Working in IT is exhausting. It is an endless series of projects, each one more art than science in its execution, and each one reshuffling the deck and attempting to improve upon the last one. The exhaustion derives from the constant firefighting, moving from one flare-up to the next, while trying desperately to gain a few yards on this project or that one. Unlike football, there are no first downs in the IT world. Instead, there is a single desperate struggle to get the ball into the end zone before you’re clobbered. And once there, you have to do it all over again.
When I step back and look across the years I’ve worked in IT, I am reminded of painting a bridge. By the time you finish, it’s time to start over from the beginning again. What IT lacks is stability. There is always a new operating system version, always a new patch to Microsoft Office, always a new and better way to manage your email, always more and more layers of security to fight through in order to do your work in the first place. Remember the humorous opening to Get Smart? That is what IT security is like for most of us these days.
Security aside, very few software technology improvements I’ve seen over the years add value commensurate to the effort it takes to make them available. Microsoft Word was at its prime when it was still a DOS application. There is little that people use word processors for today that could not be done by Word 5.5 for DOS, or WordPerfect, or even WordStar for that matter.
Email programs have grown increasingly complex, but few contain groundbreaking features that actually make it easier to manage your email. Each new version is supposed to be an improvement, but what it is improving? I have to go to third-party plug-ins like Boomerang, or Mail Butler to find features that really make it easier to manage my email.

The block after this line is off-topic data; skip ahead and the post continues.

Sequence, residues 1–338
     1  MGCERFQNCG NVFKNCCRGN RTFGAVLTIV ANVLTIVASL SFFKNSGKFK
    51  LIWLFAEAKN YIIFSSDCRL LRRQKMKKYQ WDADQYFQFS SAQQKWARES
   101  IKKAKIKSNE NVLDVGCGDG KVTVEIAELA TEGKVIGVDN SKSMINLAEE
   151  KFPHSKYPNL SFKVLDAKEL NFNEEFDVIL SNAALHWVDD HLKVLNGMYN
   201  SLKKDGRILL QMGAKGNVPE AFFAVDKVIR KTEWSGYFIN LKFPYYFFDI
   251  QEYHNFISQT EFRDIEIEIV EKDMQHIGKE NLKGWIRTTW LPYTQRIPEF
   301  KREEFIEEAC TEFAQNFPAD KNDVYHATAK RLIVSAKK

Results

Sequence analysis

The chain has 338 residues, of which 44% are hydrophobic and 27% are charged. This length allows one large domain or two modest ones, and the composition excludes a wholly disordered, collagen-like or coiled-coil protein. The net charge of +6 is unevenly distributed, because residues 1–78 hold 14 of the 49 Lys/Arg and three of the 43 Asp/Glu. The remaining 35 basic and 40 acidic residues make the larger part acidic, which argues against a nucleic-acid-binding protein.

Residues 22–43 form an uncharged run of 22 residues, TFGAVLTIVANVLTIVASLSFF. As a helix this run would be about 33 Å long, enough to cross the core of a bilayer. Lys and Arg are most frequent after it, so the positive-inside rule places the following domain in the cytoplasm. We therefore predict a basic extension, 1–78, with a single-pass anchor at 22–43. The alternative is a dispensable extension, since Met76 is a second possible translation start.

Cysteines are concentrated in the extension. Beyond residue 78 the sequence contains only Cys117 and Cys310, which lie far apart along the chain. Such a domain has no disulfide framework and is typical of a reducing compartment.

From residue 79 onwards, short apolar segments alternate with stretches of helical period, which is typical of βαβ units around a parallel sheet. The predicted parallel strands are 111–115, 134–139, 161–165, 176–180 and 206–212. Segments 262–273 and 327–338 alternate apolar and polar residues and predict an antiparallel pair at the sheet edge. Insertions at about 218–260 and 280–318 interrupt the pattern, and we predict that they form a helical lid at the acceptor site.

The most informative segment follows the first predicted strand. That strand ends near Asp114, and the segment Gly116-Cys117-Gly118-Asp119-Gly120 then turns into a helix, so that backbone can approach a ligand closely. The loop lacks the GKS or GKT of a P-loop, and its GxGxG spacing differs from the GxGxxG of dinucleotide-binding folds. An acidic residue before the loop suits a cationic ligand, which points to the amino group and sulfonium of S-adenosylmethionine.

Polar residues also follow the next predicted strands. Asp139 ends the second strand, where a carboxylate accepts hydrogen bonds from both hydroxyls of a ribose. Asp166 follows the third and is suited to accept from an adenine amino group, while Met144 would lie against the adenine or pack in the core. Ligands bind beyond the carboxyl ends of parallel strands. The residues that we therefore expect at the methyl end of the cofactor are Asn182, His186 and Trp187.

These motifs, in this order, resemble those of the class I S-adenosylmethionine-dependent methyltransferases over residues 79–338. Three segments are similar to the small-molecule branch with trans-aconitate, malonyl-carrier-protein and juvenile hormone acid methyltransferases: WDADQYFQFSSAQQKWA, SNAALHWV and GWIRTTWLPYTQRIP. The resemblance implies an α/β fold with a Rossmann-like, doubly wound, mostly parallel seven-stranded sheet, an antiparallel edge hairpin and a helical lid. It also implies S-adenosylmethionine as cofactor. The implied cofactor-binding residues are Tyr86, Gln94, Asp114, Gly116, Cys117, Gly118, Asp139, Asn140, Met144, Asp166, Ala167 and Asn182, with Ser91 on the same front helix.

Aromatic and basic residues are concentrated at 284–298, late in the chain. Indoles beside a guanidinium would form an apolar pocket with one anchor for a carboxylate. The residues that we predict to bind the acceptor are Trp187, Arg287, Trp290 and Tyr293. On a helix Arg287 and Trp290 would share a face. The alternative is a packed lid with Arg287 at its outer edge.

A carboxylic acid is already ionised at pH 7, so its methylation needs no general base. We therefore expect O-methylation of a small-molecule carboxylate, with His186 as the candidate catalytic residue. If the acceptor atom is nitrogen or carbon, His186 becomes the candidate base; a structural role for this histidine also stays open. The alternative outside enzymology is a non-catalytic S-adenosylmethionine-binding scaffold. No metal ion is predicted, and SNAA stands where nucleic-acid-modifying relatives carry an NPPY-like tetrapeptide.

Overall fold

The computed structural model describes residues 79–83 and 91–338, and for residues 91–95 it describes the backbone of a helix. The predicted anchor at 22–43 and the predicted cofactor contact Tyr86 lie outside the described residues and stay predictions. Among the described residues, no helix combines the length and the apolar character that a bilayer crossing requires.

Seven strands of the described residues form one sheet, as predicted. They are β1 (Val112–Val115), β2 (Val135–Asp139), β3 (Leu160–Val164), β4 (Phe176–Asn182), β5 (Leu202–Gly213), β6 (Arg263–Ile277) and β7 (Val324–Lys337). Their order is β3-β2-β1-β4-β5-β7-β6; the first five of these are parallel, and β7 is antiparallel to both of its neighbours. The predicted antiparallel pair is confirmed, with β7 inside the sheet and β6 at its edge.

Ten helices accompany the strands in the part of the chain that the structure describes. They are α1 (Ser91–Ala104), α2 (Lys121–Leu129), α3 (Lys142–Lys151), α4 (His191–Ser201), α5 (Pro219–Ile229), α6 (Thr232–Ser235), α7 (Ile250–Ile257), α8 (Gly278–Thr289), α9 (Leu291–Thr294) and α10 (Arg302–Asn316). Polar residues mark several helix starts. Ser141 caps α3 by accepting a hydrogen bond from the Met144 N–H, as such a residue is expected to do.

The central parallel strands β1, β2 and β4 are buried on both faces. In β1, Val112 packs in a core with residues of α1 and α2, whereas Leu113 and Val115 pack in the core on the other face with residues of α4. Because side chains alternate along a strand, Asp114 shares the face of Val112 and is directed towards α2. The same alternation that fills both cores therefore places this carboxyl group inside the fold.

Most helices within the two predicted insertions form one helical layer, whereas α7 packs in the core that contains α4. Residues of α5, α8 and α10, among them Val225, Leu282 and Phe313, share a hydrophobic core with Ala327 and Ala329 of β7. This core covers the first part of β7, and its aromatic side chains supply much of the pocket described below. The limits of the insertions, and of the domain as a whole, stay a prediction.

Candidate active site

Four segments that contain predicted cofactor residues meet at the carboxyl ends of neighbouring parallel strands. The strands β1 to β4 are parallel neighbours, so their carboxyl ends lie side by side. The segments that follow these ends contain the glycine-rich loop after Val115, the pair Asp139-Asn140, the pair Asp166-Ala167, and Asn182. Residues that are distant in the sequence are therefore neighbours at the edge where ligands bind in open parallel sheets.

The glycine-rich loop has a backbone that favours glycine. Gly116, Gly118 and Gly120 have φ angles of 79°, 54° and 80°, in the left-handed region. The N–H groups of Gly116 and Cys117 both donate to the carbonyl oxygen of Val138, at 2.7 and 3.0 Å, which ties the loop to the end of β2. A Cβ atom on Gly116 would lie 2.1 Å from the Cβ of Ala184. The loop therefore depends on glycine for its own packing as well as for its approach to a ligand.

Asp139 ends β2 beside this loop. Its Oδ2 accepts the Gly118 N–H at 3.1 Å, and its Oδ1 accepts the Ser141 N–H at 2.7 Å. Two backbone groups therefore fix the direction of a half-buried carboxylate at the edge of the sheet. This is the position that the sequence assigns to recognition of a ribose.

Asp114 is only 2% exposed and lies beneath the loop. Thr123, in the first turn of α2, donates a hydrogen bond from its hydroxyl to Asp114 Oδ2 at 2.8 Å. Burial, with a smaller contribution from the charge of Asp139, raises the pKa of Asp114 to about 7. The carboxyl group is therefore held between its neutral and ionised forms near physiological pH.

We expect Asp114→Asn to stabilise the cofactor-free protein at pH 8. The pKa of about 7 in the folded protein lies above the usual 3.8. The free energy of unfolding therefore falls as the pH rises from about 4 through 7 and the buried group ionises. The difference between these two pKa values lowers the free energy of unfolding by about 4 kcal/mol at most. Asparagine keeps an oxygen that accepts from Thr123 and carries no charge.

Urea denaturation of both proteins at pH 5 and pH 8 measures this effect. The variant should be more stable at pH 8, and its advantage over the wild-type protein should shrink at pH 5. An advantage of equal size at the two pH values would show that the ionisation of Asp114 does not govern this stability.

Operating systems should be invisible, and yet in most cases, they turn out to be the most visible part of a computer system. I have this theory that on devices that are easiest to use, we tend not to realize that an operating system is there behind the scenes. On those that are most difficult to use, the operating system is standing in our way. Think of the early iPods, which were intuitive, simple, and performed their tasks well. Then think of, well, Windows 10, or macOS Sierra, operating systems which can’t seem to get out of your way.
I long for stability in software. Instead of churning out version after feature-filled version, I’d prefer to see bug-free releases that last a long time. As a end-user, it would be nice to have a working piece of software that I can get used to and not worry that a feature, function, or keyboard command will change with the next release.
Instead of making changes for the sake of a pre-determined release schedule, make software that does exactly what it is supposed to do, and let it alone. A word processor is a good example of this. At its heart, it is a simple tool that allows us to write. Imagine if all our software could be that simple and easy-to-use.